The study, titled Mortgaged to the Hilt
, found that around 10 per cent of indebted households have less than $1,500 in assets, liquid or otherwise.
Analyst Craig Alexander, who co-authored the study, said that focusing on debt averages might lead to unawareness of the plight of less well-off young homeowners, who abound in bustling high-cost housing markets like Toronto and Vancouver.
Alexander recommended Ottawa authorities to enact measures that would prevent households in this category from taking unmanageable debt loads, as these homeowners have insufficient capacity to address interest rate hikes or personal financial problems.
“The share of households that have no financial buffer has been going up. There's more financial vulnerability now than there was before,” Alexander told CBC News
Alexander added that these steps would prevent a downward spiral towards a weaker economy, which would be precipitated by financial problems among a significant fraction of the population and the consequent reductions on consumer spending.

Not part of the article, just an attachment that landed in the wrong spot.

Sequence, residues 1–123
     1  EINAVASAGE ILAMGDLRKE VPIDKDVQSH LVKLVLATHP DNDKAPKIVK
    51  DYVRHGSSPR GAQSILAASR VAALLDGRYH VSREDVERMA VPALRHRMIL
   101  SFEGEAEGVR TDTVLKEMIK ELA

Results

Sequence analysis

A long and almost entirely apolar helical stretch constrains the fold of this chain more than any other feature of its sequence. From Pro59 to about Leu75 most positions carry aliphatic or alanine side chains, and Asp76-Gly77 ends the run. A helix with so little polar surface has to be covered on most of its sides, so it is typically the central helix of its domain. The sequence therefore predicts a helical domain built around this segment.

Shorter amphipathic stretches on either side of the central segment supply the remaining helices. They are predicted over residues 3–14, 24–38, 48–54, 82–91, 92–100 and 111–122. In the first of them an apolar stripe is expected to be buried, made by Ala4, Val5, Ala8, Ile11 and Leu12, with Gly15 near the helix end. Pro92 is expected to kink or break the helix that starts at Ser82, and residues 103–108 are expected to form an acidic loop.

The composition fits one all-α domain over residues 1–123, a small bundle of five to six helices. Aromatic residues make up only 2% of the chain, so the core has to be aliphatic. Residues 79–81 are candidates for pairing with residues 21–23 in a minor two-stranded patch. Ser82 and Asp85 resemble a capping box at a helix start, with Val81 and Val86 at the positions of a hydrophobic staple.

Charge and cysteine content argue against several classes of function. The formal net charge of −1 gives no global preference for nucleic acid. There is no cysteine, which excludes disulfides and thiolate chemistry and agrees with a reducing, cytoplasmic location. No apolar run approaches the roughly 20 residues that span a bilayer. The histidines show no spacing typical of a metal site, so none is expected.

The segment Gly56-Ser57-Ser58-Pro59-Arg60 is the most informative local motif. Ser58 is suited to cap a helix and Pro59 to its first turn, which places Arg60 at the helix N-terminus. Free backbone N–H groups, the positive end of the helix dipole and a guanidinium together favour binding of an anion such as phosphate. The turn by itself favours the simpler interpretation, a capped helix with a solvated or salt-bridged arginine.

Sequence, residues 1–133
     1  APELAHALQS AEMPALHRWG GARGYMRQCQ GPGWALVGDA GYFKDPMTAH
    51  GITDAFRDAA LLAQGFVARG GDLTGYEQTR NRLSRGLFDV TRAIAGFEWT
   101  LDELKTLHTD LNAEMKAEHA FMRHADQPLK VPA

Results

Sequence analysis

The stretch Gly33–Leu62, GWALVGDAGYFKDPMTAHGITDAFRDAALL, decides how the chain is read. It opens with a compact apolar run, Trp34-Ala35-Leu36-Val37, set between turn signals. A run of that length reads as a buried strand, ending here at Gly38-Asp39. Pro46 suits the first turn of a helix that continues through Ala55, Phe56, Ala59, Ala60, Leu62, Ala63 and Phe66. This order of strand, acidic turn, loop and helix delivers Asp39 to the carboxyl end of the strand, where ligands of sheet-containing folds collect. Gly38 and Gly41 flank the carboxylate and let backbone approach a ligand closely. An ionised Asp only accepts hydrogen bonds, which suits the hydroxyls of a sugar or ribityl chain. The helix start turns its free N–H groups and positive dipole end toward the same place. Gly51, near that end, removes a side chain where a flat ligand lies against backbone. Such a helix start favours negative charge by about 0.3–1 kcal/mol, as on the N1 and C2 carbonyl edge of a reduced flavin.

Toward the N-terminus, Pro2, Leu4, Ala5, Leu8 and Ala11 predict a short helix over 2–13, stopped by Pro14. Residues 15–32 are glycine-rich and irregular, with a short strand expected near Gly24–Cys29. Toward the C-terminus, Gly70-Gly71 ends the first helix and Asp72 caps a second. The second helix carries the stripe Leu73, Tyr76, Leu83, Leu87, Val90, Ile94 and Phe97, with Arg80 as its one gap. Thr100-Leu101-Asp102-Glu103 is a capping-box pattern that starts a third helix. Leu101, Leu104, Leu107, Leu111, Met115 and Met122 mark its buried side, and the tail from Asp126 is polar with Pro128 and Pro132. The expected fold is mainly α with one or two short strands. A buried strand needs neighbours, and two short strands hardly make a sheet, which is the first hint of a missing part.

Alexander said that authorities should re-examine their policies and start adjusting minimum downpayments in accordance with the size of the mortgages to snag higher-priced markets. He also suggested that higher credit score requirements be set in place for mortgage applicants.
A recent study by the C.D. Howe Institute revealed that young Canadian homeowners from around half a million households are currently struggling with a debt-to-income ratio of above 500 per cent, leaving them vulnerable to financial hardship.